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Margaret Grant (nee McWilliam) was born in Kinnoir in 1938 and is the eldest daughter of Willie and Helen McWilliam who are featured here on this site.


A retired Law Accountant, she attended Kinnoir School and The Gordon Schools, Huntly. She has had three books of Doric verse published,


Jist for a Lauch in 1999

Anither Keckle in 2003,

In 2008, a third book of Humourous Doric Verse (The Last Lauch) was published.


Her works have also appeared in print in The Leopard


Margaret is a keen observer of country life and her poetry reflects this insightful

nature.

(An example of her works can be read here (The 90th Birthday Poem - a poem dedicated to her Father, Mr Willie McWilliam)


Her Doric Verse is rightly admired across the North East of Scotland and wherever Doric speakers find themselves.


In 2013, Margaret was appointed the Makar of Huntly by the Huntly Writers (an association of authors, poets and essayists  with links to Huntly) http://www.huntlywriters.co.uk/  


The title of “Makar” or “Makaar”  is term from old Scots literature for a poet or bard and conveys a great honour on the holder of the title.  Read more about the Makars here http://en.wikipedia.org/wiki/Makar


Margaret continues to take a keen interest in literature and is an active member of the Huntly Writers.


One of Margaret’s favourite Doric poems is “SLOW AIR” reproduced below - a tale of human talent stimulating strong emotions as well as creating music from an old fiddle.


  


SLOW AIR


It cam fae a roup wi a pucklie o trock

A feow lugless cuppies, an aul farrant knock

But a lickie o varnish, a dabbie o glue

Fower strings an that fiddle wis gey near like new


Fae a lad that cwid play he’d a lesson or twa

Seen maistert his scales as he scraipit awa

Practised at nicht fingers dirlin an sair

Wi jist ae ambition, tae learn a slow air


Inspired by the maestros like Skinner an Gow

He gaed intil a dwam when he raxed for his bow

“The Conundrum”, “High Level”, “The Laird O Drumblair”

Syne “Aul Robin Gray”, his favourite slow air


Strong, sensitive fingers caressin a string

Grace notes sae sweet garrt the aul fiddle sing

Nae lieder by Schubert his senses cwid ser

Like the moumfu lament o a weel played slow air


But jints turn stiff, aul age comes till’s aa

He’d tae lay doon the bow, pit the rossit awa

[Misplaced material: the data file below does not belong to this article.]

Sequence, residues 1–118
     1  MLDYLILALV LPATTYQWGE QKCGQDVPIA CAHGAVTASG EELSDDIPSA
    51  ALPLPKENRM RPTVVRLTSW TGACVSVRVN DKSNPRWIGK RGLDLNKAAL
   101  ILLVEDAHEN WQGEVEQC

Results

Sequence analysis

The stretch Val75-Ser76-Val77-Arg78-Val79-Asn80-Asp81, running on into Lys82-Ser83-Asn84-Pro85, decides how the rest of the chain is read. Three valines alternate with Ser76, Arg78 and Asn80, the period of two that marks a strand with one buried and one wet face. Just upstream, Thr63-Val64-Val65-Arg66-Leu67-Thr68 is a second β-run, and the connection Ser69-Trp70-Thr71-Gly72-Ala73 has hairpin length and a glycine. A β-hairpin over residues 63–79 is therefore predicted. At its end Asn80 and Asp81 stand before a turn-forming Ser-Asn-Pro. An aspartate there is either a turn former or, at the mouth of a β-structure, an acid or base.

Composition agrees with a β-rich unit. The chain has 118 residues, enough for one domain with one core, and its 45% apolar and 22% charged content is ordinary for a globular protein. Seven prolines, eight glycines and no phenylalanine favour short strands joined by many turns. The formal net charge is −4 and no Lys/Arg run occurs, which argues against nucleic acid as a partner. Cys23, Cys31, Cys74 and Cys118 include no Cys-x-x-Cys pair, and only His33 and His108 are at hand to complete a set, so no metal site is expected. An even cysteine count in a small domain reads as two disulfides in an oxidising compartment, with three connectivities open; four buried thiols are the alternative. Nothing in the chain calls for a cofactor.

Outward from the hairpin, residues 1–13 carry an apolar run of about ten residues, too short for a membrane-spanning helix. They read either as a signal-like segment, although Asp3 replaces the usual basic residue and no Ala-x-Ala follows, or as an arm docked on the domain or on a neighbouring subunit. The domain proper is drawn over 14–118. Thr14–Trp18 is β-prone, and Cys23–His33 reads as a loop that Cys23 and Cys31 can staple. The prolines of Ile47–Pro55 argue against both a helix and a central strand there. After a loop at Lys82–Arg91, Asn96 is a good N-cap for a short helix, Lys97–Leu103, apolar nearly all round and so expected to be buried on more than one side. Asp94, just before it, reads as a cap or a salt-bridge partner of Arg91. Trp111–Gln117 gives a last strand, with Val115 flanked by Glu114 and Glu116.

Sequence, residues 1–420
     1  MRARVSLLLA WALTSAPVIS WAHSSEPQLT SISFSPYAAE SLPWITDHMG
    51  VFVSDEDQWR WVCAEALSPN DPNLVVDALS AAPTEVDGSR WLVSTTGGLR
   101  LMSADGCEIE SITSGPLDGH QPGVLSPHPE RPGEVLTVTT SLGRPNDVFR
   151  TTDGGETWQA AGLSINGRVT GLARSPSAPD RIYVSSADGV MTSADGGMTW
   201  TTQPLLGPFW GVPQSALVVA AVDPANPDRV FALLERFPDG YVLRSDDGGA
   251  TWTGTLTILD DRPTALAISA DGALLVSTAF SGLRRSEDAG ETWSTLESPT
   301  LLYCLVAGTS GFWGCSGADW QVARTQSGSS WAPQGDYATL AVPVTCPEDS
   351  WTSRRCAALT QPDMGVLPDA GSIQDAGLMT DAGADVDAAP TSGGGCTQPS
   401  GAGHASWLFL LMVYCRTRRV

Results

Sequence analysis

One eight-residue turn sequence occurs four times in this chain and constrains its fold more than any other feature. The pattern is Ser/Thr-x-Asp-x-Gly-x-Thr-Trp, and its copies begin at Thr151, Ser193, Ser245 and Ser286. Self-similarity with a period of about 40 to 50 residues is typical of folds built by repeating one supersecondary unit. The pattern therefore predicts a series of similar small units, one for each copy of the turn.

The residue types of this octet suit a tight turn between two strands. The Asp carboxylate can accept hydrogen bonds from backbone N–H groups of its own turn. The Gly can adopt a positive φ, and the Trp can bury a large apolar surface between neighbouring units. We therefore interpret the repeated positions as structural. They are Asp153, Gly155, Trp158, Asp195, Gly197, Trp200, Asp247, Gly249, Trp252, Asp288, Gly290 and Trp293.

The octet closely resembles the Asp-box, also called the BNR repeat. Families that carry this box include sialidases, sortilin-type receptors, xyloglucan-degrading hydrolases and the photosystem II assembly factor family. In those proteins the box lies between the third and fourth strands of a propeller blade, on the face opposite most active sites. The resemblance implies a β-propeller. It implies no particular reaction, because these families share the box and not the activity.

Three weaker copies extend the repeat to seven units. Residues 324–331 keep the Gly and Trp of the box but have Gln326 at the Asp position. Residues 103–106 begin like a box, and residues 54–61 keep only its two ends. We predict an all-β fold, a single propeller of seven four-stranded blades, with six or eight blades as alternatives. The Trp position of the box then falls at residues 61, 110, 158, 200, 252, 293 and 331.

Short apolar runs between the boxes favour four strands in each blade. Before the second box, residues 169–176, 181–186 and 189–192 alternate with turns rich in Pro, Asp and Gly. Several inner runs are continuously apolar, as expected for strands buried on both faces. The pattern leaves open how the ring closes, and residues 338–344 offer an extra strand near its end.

A sad sicht wis yon, near some much tae bear

The callused aul fingers, the hinmaist slow air


In the order o things the young hiv their place

Tae the next generation he boo’t wi gweed grace

An the likes o Paul Anderson, wi pathos an flair

Moved an aul man tae tears wi mony a slow air


As they lowered him doon in a bonny lythe neuk

The quaet, wi reverence, the minister brook

“Earth tae earth, dust tae dust”, ower the words o the prayer

Faint cam the strains o a hauntin slow air



By Tashalia Nichole Meyers- Wikipedia Commons

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One of the duties of the Makar is to produce poems that reflect current events and Margaret Grant has not disappointed in this regard. Reproduced below is a poem she wrote to mark the 100th anniversary of the First World War. The poem was inspired by letters sent by Margaret’s uncle, Corporal John McWilliam of the Gordon Highlanders, to his mother. Sadly John fell at Ypres.


DEAR MITHER

Dear Mither here’s a twa-three lines

fae somewye ower in France

Far the Kaiser and his cohorts

hiv led us a merry dance.


I cwidna wyte tae dicht the dubs

o Scotland fae my beets

but in this God-forsaken howe

they’re hine up ower my queets.


The trenches crawl wi vermin

ye nivver saw sic rats

an there’s flechs the size o gollachs

bite bitin throu my spats.


I ken I scunnert at the hyow

or stookin in the rain

but if I get oot o this place hale

I’ll nivver girn again.


For the green parks o Strathbogie

wid be like heaven to me

oh Mither, foo I wish I cwid

come hame an tak a fee.


Foo’s abody deein on the craft

his Faither aye yon host?

I hear Dod Smith has copped it

his fowk’ll be gey lost.


An fit aboot the young eens

has Maggie got a place?

hank God Bill’s nae aul eneuch

tae face fit I’ve tae face.


That’s aa I hiv tae say for noo

but this war will seen be won

dinna worry, Mither, I’ll be fine

Fae John, yer lovin son.


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100th Anniversary of First World War Tribute